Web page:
I have a friend who told me recently that democracy doesn’t work and “our country needs a dictator.” When he said this, I was stunned. My friend is one of the country’s “respectable” people. He is a quiet man, a doctor. His house is beautiful, and he keeps his yard looking good. And this was the moment when I finally understood the appeal of Donald Trump.

Until then, I had mistakenly assumed that people misunderstood who Trump really was, and I had worked to try to explain Trump’s extremism to them, believing that once they understood this, they would abandon him. But my friend showed me the error of my ways. We are now at the point in our country when people really do understand what Trump is saying, and they like it. They want what he is offering, and he is offering fascism. And that’s the problem.

Trump is clear about what he will do if he is elected again. He was dangerous the first time he held office, but the remnants of democratic norms and inexperience kept him from being as bold as he needed to be to achieve his goals. He worked to overturn the 2020 election, but his approach was ineffective. He depended on bookish lawyers, neglected to involve the military, made ambiguous promises to enraged crowds, and hoped things would go his way. He won’t make that mistake again.

What is Trump saying? It’s no secret, and others have written about it. He warns about the dangers of illegal immigration, which also concerns me. I have written about this, criticizing President Biden for not doing enough to protect our borders. But Trump condemns immigration for a reason that frightens me: because it is “poisoning the blood of our country.” 

What? He is rejecting everything our Founders stood for by saying that our country is based on purity of blood rather than on a set of principles. This should be shocking, but people love it because they know what he is saying. The fact that this clearly echoes Hitler is not a problem for them. They embrace the message and want to be a part of it.

And Trump’s talk about the so-called deep state is part of his appeal. What is the deep state? It is anyone in the government who stands in the way of Trump. It’s as simple as that. If he is elected again, he has made it clear that he will dismantle the bureaucracy’s merit system and replace it with one that places those loyal to him in place.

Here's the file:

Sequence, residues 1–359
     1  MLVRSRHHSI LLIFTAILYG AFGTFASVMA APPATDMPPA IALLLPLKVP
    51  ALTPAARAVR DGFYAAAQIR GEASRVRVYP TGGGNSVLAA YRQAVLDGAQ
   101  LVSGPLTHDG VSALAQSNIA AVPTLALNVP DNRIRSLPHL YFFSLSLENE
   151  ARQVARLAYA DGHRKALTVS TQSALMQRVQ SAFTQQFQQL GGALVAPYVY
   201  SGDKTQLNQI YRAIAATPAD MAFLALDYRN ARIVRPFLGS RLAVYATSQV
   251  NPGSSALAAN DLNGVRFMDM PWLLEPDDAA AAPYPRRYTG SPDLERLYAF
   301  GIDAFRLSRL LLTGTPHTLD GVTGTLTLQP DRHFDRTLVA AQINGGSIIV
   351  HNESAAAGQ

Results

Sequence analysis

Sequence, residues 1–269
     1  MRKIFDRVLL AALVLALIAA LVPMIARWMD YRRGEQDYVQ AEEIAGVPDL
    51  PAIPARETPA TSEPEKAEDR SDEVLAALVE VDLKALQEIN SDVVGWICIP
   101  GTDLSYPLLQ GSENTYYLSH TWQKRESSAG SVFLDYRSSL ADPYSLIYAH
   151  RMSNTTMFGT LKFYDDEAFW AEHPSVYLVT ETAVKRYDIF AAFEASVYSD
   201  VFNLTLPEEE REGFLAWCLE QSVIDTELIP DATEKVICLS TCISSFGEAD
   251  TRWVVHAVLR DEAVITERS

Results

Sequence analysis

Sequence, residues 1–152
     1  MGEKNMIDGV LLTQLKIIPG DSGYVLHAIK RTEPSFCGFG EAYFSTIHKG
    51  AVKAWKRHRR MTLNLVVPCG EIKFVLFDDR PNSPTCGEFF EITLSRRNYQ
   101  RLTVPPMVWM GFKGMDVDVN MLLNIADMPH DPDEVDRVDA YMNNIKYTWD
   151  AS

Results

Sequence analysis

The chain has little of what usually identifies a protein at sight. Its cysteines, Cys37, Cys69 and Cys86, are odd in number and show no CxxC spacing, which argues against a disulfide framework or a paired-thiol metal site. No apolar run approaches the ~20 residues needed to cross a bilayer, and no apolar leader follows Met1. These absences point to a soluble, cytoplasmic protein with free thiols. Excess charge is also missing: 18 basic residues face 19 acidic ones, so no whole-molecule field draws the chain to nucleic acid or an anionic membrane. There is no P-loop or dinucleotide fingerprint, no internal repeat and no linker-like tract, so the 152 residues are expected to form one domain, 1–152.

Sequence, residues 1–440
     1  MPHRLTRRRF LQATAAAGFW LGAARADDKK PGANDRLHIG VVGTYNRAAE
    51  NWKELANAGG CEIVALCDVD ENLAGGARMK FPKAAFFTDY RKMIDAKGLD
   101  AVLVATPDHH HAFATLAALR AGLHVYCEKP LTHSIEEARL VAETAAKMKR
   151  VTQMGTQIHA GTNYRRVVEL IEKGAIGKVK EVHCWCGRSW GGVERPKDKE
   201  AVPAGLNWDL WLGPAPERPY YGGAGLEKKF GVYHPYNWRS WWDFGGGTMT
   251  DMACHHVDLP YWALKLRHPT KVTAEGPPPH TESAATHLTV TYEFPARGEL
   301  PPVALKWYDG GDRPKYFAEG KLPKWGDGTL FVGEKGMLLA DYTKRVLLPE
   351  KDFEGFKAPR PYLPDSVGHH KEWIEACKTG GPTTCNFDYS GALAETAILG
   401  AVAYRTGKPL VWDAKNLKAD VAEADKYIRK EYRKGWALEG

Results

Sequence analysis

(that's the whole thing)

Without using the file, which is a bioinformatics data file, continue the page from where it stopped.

When Trump talks about draining the swamp, all he actually wants is to own the swamp.

And then came what was for me the final blow. At his recent speech in New Hampshire, Trump said: “We will drive out the globalists, we will cast out the communists, Marxists, fascists. We will throw off the sick political class that hates our country. … We pledge to you that we will root out the communists, Marxists, fascists and the radical left thugs that live like vermin within the confines of our country, that lie and steal and cheat on elections and will do anything possible … legally or illegally to destroy America and to destroy the American dream.”

When I read this, I was horrified, but I now understand that its horribleness is what excites a lot of Americans. He clearly states he will get rid of people who have political views he rejects. This is a clear condemnation of our treasured First Amendment. He condemns globalists (an intentionally vague term), Marxists, fascists and the radical left (not the radical right?) who are American citizens. He describes those who disagree with him as “vermin.” Do vermin deserve to live? Obviously not. And it is talk like this that makes Trump so popular.

This is where we are today. My mistake was believing that shedding the light of truth on Trump’s ambitions would help. I now see that I was wrong. Trump wants to destroy democracy, and a vast number of Americans, along with my friend, are cheering him on. They want someone to channel their frustration with democracy, to be their “retribution,” as he recently called himself.

Trump is leading in the polls, but if his light fades, others will take his place. My friend wants a dictator, and he may very well get one. All I can say to my friend is, be careful what you wish for.